Open Mic: Why College Athletes Should Get Paid...and Paid Well
There are certain topics that get under my skin as a sports fan. I love reading headlines and seeing recaps from games that went into triple overtime, saw a player hit three home runs in the same game, or created a new record while an old one was broken.
However, it drives me crazy to read about things like Roger Clemens having a relationship with a 15-year-old girl, Marvin Harrison saying he did not shoot a certain gun, and OJ Mayo taking illegal benefits.
Most of the off-the-field stories consist of real news that as sports fans, we would like to know. But I personally don't care if OJ Mayo, or any other college athlete for that matter, gets a secret amount of cash to spend as he sees fit.
The only time something becomes a big deal and causes SportsCenter to interrupt with breaking news is if the news involves a high-caliber athlete. To me, there isn't a difference between OJ Mayo getting a house in his name and some University of Texas player drinking at a bar for free during his whole college career.
They are both getting something that they didn't pay for. They are both using their status as a college athlete to get what they want. On top of all that, neither one of those examples helps them play football on the field.
These guys aren't using steroids or going to jail on drunken driving charges. They are poor college students who will take anything thrown at them to make college more fun and a little easier. If some random agent wants to buy a player a BMW to drive around in while he's in college, who is that hurting?
I do realize that if this started, it will open the floodgates, and pretty soon the high-profile collegiate athletes will be no different from Lebron James or Peyton Manning.
One of the reasons I love college sports is the purity of the game. While there are several players out there who are playing just for the scouts, for the most part everyone on the field or court is playing to win and only for that reason.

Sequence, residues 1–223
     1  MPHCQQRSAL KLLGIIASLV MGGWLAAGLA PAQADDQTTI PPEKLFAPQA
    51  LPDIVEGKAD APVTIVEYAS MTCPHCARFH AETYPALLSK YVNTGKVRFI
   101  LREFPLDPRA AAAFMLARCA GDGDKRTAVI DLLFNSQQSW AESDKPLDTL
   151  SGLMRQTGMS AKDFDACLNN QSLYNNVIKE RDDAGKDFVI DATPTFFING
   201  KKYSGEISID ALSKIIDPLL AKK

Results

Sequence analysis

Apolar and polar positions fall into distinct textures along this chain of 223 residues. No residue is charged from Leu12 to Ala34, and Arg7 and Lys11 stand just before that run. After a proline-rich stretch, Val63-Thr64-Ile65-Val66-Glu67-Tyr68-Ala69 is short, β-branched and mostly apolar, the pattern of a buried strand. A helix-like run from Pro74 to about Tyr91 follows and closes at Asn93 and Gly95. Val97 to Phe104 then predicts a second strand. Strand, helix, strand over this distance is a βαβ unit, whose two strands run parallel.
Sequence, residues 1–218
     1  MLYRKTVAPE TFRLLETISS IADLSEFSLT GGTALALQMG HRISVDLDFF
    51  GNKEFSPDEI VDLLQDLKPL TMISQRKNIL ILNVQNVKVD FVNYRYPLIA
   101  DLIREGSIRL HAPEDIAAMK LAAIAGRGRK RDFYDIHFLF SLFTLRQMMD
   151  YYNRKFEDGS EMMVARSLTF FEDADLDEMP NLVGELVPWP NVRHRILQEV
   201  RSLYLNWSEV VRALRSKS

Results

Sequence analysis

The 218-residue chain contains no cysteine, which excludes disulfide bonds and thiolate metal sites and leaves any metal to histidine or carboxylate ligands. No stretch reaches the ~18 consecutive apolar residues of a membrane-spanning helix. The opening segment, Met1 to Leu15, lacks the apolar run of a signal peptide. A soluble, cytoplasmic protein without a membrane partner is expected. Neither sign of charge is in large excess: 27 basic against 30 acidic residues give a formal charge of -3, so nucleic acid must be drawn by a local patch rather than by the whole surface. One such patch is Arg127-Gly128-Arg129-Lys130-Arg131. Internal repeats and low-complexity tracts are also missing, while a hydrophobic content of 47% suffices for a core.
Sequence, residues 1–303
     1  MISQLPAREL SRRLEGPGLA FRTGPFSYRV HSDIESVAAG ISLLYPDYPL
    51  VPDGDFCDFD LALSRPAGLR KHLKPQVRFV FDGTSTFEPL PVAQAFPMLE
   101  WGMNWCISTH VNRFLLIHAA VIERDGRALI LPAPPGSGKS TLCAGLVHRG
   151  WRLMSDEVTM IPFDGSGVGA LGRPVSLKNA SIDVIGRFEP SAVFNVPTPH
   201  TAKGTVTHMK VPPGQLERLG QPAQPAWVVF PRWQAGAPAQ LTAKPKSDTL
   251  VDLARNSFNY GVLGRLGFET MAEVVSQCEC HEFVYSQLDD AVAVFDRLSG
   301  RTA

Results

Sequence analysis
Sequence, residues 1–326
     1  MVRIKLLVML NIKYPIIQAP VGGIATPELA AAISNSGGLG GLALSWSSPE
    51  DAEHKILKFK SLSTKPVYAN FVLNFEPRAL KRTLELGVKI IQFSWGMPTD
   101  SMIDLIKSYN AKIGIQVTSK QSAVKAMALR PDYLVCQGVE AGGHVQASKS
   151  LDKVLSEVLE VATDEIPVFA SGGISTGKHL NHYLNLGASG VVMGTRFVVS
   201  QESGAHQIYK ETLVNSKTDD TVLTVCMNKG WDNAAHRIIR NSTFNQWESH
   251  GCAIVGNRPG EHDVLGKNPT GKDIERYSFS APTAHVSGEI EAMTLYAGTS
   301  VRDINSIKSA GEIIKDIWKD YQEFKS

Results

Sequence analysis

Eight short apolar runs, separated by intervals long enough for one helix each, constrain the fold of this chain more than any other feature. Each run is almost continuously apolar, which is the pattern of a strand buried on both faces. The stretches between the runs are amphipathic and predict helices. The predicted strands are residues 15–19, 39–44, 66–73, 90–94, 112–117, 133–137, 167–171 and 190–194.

Paying college athletes is the best solution. I know it sounds wrong and feels like I should be slammed for just writing that, but why not?
Sometimes, the athletes put in more time and work than some people do at full-time jobs. They do receive a scholarship, but at the same time if they didn't most of them could apply for financial aid and grants to cover most of their expenses anyway.
Paying athletes on a yearly basis is a lot different than one athlete in particular getting a new hummer or cash under the table, I'll be the first to admit that. I just think it would be easier to differentiate who is abusing the system if all athletes got something for their time.
If every athlete out there is making $400 a week, there should be no reason for any "superstar" to want special treatment. As it is now, most college athletes are broke because they can't get a job with their practice schedules and travel time.
Athletes should be well compensated for their time. Paying athletes under the table with money or material things will never stop. As long as the players aren't getting paid and don't think they will get caught, there will always be someone with too much money or too much ambition that will give them whatever they need knowing it will come back ten fold down the road.
Collegiate athletes provide entertainment for the whole country and put in countless hours a week to make sure they play up to society's standards. It's about time we pay athletes what they deserve so we can start turning on the TV and hearing about how close the NBA playoffs are and stop hearing about 19-year-olds taking money.
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